9. Roger wrote: “I take it that either choice would be thought compassionate. But according to common-sense morality, the first choice is more admirable.”

    To me there’s a huge difference between “compassion” and being “admirable”. Surely the latter is some function of lots of qualities, not just one traditional virtue? Personally, if I were to rank the virtues as things to be admired, I’d put several of them way ahead of charity (courage, patience, diligence…). I’d put charity ahead of chastity for most of us (though for some folks afflicted by various paraphilias chastity might rank far higher – as Rebecca Roache pointed out the other week). But I think one of the mistakes that the conspicuous philanthropy crowd have is that they mistake benevolence/charity for something more rounded and generally indicative of goodness/other admirable qualities than it really is.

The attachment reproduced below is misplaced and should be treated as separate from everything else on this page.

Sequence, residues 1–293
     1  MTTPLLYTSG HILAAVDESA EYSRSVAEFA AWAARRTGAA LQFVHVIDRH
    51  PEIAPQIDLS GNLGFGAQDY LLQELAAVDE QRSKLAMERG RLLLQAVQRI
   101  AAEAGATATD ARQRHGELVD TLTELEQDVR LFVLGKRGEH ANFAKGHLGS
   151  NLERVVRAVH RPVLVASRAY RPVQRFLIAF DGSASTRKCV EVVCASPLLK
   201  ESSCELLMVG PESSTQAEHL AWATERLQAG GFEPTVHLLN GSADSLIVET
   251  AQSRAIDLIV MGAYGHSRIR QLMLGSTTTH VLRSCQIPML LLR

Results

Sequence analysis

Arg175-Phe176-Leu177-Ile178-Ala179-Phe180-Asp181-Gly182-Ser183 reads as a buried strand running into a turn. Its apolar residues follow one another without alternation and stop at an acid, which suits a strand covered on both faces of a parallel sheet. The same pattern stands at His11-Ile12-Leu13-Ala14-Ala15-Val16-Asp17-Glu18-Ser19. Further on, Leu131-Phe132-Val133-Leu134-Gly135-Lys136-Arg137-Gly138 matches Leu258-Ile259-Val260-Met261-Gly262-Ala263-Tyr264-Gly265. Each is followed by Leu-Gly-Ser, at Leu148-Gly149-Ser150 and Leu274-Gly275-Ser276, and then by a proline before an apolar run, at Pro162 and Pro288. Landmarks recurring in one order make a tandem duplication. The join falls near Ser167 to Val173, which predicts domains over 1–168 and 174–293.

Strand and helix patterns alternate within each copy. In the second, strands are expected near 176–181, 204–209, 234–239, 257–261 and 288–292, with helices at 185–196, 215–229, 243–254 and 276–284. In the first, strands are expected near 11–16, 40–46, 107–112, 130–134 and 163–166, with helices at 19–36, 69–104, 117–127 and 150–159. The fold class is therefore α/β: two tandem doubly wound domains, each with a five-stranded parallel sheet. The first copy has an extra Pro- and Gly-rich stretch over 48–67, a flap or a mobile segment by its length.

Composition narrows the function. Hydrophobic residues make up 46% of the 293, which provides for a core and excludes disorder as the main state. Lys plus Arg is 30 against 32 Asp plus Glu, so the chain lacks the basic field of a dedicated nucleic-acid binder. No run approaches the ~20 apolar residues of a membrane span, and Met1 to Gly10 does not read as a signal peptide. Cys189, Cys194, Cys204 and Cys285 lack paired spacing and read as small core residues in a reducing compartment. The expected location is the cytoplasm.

10. Thx Dave. I was speaking loosely — I meant that, qua compassionate, the first choice wld be thought more admirable.

    I think it’s hard to rank virtues without reference to context (including, as you point out, who we have in mind as possessors). But in the world as it is, in the case of most people I’d rank compassion (or perhaps benevolence) as clearly primary.

  11. Someone just sent me a link to the debate in Boston Review started by Paul Bloom on August 26. It is called “Against Empathy”. Might interest some of you.